Fabian Siegel used to spar with his wife over which takeaway service to use for dinner. Now, they can order different genres from the food-ordering Internet site he’s running.
Lieferheld, or Delivery Hero, was founded by Berlin-based Team Europe Ventures last year and hired the 35-year-old Siegel in November. His task is to grab a share of an expanding 2.5 billion-euro ($3.6 billion) food-ordering market in Europe’s biggest economy by aggregating takeaway ordering services and organizing neighborhood restaurants on the Web.
Lieferheld, Just-Eat Holding Ltd. and U.S.-based GrubHub Inc. are betting on increasing use of the Internet and devices such as Apple Inc.’s iPhone to order food. GrubHub last month raised $20 million from DAG Ventures and Benchmark Capital. Greylock Partners, which owns with stakes in Facebook Inc., LinkedIn Corp. and Groupon Inc., invested $48 million in London-based Just-Eat with other venture capital companies.
“There’s a massive market opportunity,” Andrew Lipsman, a Chicago-based director of industry analysis at research firm ComScore, said in an interview. “E-commerce in general is growing, but online food ordering is still in the early phase.”
Lieferheld, whose logo is reminiscent of comic hero Superman’s, raised 5 million euros from the venture capital arms of publisher Georg von Holtzbrinck GmbH, German food retailer Tengelmann and Team Europe Ventures.
Ordering takeaway food through grease-stained to-go menus is inferior compared with using the Internet, Siegel said.
“It’s always a hassle to explain what you want, sometimes you’re misunderstood, you don’t know which restaurants deliver to you and then you have to find out which flyers you have,” he said in an interview.
More than 12 million Germans, out of a total population of 82 million, order food for delivery at least once a month with more than 5 million doing so more often, research data from publisher Hubert Burda Media Group shows.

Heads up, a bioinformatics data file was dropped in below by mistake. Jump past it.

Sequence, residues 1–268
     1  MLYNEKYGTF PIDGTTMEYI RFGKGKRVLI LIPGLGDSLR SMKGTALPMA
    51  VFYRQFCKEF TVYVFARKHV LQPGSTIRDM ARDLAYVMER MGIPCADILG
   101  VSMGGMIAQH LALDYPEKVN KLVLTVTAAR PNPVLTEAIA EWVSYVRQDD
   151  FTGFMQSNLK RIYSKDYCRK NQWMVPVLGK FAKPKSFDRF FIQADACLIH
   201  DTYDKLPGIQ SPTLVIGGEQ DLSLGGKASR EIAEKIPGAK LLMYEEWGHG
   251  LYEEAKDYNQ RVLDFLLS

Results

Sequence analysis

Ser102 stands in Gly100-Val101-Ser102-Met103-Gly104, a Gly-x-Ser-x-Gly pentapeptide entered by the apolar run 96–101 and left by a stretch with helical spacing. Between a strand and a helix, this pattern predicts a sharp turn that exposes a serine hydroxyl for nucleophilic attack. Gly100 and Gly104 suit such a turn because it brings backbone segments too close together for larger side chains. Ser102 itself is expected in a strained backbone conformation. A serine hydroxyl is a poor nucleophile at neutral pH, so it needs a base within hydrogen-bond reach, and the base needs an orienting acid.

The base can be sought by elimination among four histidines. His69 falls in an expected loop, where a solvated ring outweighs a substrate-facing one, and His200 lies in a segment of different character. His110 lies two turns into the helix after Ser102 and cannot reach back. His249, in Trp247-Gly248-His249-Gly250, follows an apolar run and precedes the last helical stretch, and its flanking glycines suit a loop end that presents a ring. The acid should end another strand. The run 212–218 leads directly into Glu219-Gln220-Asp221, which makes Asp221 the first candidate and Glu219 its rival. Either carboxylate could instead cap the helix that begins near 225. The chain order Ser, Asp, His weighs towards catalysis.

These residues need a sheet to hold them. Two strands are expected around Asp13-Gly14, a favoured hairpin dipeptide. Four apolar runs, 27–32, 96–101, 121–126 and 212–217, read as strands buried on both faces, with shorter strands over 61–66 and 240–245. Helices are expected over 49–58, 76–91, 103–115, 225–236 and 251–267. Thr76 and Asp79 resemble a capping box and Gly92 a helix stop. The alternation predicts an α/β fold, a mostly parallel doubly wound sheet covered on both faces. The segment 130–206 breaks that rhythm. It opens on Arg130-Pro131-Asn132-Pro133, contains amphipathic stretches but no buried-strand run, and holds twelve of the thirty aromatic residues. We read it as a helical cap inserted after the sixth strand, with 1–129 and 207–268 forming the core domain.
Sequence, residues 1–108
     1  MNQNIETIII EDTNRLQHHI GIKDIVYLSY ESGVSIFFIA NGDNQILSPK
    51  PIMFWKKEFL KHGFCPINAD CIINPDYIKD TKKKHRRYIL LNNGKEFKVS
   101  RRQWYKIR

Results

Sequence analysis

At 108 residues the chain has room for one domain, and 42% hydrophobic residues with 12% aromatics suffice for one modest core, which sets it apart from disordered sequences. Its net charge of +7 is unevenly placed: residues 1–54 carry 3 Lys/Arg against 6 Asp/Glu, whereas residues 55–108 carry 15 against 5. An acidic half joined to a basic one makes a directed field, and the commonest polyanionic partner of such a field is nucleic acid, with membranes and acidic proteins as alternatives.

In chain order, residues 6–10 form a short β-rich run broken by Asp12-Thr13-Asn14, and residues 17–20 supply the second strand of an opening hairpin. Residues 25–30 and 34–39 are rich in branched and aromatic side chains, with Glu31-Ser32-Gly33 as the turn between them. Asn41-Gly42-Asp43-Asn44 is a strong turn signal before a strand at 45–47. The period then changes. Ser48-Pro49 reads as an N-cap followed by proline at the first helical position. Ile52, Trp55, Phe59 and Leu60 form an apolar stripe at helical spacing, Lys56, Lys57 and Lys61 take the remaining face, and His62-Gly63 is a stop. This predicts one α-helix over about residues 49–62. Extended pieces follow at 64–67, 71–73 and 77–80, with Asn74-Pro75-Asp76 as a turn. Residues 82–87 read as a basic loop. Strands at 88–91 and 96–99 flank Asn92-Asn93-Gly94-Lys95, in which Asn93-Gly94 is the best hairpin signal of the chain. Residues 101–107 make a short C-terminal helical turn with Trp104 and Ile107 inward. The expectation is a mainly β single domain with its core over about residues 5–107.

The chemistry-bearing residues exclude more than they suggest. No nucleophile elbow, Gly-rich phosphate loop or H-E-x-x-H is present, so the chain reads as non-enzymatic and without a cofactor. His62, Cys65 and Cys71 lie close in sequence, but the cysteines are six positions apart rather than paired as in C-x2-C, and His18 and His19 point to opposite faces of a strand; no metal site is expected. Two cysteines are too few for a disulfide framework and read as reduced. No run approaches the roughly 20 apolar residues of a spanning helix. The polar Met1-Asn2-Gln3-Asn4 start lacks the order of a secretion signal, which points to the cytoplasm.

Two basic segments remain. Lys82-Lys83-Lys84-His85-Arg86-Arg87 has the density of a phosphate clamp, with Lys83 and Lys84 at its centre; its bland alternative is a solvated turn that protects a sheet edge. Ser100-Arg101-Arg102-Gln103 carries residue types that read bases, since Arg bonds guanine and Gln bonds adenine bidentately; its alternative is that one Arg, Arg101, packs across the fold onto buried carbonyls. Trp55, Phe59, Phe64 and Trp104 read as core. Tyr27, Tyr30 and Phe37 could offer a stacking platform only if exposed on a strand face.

The German takeaway market is fragmented, with 85 percent of outlets run by a single proprietor, Siegel said. By putting their menus online, Lieferheld saves businesses from printing flyers, putting them in hundreds of mail boxes and having someone staffing a phone to take orders. Clients can pay with a credit card, EBay Inc.’s PayPal service, or in cash.
Germans order Italian food and pizza 60 percent to 70 percent of the time, compared with less than 50 percent in the U.K. and even less in the U.S., said Siegel, who moved his family back to Germany from New York to run Lieferheld.
Some popular German fast foods don’t lend themselves to deliveries because customers prefer to consume, for example, sausage at a local Wurst stand, Siegel said. In the U.S., Chinese, Indian and Mexican food deliveries are more common because of the country’s demographics, he said.
The percentage of U.S. customers who have used the Web to place a food order has risen to 32 percent from 11 percent in the past five years, according to the National Restaurant Association in Washington. More than half of the $600 billion annual U.S. restaurant sales come from delivery, carryout or drive-through orders.
Lieferheld, which is adding 200 restaurants a week, said an advertising agreement with Germany’s largest private broadcaster, ProSiebenSat.1 Media AG, may help it eclipse local rival Pizza.de GmbH by the end of the year with 6,000 restaurants and 500,000 customers.
Menu aggregators have attracted investors and executives with previous Web experience. Lukasz Gadowski, a partner at Team Europe Ventures, co-founded shopping community Brands4friends that was acquired by EBay Inc. in December for about $200 million. Siegel helped to create Internet payment-service provider Clickandbuy, which was taken over last year by Deutsche Telekom AG.
Just-Eat shareholder Greylock has emerged as one of the leading Internet investors since backing LinkedIn in 2004 and Facebook Inc. in 2006.
LinkedIn, the biggest professional-networking site, this year filed to go public. Just-Eat CEO Klaus Nyengaard said a share sale is also an option for his business.
“We need to reach a certain scale,” Nyengaard said in an interview, adding OpenTable Inc.’s IPO set the benchmark for his industry. The reservation company’s stock has more than doubled in value since its 2009 debut, giving the company a market value of $2.5 billion.
Just-Eat has delivery deals with 14,300 restaurants in Europe, while GrubHub has agreements with 4,000 restaurants in the U.S. and displays more than 13,000 menus on its website.
GrubHub aims to build a billion-dollar “category-defining online-ordering company,” said CEO Matt Maloney, who co-founded the company in 2004. The company forecasts it will process $200 million in orders in 2011, more than doubling from $85 million last year.
GrubHub knows its boundaries and won’t expand into offering food itself, Maloney said.
“We’re not interested in touching the food,” he said. “Restaurants do a good enough job in cooking the food.”